It was while my sister was trying to fit all her clothes, plus new Christmas presents and purchases, into a suitcase for her return to Sydney recently that I was reminded of a technique for packing that can reduce stress on suitcases and lower backs.
So today’s activity is a tip on how to:
#73 Master the Art of Holiday Packing
I did feel somewhat guilty watching how difficult it was to close the suitcase. Because back in Sydney resides a marvellous plastic, three-panelled board that allows my sister to fold clothes perfectly flat, and all ending in a uniform size, ready to be neatly stacked into a case.
Unfortunately, I’d completely forgotten that I’d promised to make one just like it for use at my place.
This strange looking contraption is, in fact, a genius!
To tell you the truth, when I was staying at her place in Sydney, I’d initially looked at it with surprise, before laughing at the idea of using a complicated-looking board like this merely to fold clothes.
But then I tried it – wow! I became a complete convert. It’s magic! Where on earth could I get one?
Careful examination revealed that all the fancy cut out holes and shapes don’t seem to have a vital function, even though a YouTube video by the manufacturer suggests they’re needed for ventilation and to reduce static. Hmm…
Unless I’m missing something, it seems you can get away without them.
So I took detailed measurements…
and once back home, realised that with a simple piece of corflute, it would be a doddle to make.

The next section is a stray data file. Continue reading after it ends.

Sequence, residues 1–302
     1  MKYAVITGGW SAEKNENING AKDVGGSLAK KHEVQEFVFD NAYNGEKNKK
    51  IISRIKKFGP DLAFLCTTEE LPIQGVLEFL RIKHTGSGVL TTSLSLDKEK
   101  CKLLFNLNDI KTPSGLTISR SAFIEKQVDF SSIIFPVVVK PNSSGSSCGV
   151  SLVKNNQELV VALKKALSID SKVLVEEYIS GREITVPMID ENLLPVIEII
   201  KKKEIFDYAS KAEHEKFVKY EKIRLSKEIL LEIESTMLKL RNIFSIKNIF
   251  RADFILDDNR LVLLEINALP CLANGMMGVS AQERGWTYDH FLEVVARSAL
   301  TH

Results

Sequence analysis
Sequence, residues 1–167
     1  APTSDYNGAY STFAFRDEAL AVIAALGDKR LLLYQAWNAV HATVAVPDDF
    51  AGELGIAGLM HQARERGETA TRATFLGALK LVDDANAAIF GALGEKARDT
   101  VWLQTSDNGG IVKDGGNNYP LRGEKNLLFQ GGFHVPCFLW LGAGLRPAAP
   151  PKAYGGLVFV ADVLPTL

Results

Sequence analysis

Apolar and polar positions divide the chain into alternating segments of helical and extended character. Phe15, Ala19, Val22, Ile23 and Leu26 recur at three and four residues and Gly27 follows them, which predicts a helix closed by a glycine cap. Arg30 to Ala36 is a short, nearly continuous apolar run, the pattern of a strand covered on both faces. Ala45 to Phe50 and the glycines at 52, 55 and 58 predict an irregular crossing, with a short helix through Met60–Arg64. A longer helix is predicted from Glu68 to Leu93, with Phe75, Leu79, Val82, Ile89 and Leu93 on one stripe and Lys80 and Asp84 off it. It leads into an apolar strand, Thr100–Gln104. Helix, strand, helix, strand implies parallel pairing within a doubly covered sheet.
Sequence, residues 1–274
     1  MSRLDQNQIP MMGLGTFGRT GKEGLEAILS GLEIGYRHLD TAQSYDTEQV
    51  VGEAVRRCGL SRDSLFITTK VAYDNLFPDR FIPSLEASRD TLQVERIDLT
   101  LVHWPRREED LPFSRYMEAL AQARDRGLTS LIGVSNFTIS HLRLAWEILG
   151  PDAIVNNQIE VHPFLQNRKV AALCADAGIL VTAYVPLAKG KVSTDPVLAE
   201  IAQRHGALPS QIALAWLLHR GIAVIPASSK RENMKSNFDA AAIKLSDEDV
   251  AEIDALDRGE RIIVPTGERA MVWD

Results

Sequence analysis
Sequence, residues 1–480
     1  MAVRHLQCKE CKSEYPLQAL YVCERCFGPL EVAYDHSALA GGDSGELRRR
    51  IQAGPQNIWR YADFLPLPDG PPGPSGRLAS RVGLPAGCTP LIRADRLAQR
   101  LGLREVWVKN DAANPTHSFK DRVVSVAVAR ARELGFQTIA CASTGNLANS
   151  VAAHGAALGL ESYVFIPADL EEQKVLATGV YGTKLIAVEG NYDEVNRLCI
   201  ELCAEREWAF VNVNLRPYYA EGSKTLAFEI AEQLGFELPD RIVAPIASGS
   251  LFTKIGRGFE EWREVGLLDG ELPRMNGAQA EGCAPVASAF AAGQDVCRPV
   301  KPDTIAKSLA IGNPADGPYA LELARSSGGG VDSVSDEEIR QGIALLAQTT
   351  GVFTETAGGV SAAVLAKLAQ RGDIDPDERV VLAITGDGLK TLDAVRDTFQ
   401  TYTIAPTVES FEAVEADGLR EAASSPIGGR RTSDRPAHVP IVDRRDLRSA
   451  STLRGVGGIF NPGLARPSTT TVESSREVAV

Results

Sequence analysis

So here’s how to create your own masterful folding implement:
Step one: Cut the corflute into a rectangle measuring 70cm W by 60cm L. Then cut two thin vertical wedges (or slits) out of the lower half, 23 cm from each side edge like so:
Step two: Flip the board over and make three shallow incisions only half-way through the corflute, so they remain attached but can bend; the first cut is made across the middle third in the centre, and the other two cuts are made vertically to extend the slits thus…
and you end up with a plain, but perfectly functional folding board, admittedly without ventilation …
Now it’s time to have some fun. Lay your jumper/shirt/blouse/t-shirt/pants etc face down on the board and arrange it so the item fits into the confines of the template like so:
then quickly ‘flip’ in the right panel first to fold in the material on that side, before flipping the panel out again, then repeat these actions with the left panel, before finally ‘flipping’ up the lower panel and flipping it back down again.
Then turn the item over to showcase a perfectly folded piece of clothing …
I know, I know, this may seem like a lot of trouble to perform something so simple, but when you have a heap of clothes you want to fit into a small bag, trust me, it only takes seconds doing it this way, they all end up exactly the same dimensions and you feel like a magician.
If you then stack these perfectly folded items and slide them into clear zipped vacuum packing bags that allows you to squeeze all the air out, you’ll be amazed what you can fit into a small case …
Not only that, when you arrive at your holiday destination and unpack, the items come out looking reasonably well pressed! I’m convinced now that every hotel and household needs one.
But failing this, there’s another sure fire tip to minimise the horror that is packing.
Store duplicate toiletries, PJs, dressing gown, spare shoes, a pillow and anything else you may need at your destination in a specially purchased, large cedar chest provided by your host.
Preferably one that can double as a coffee table in their living room the rest of the time.
Thanks for this, sis.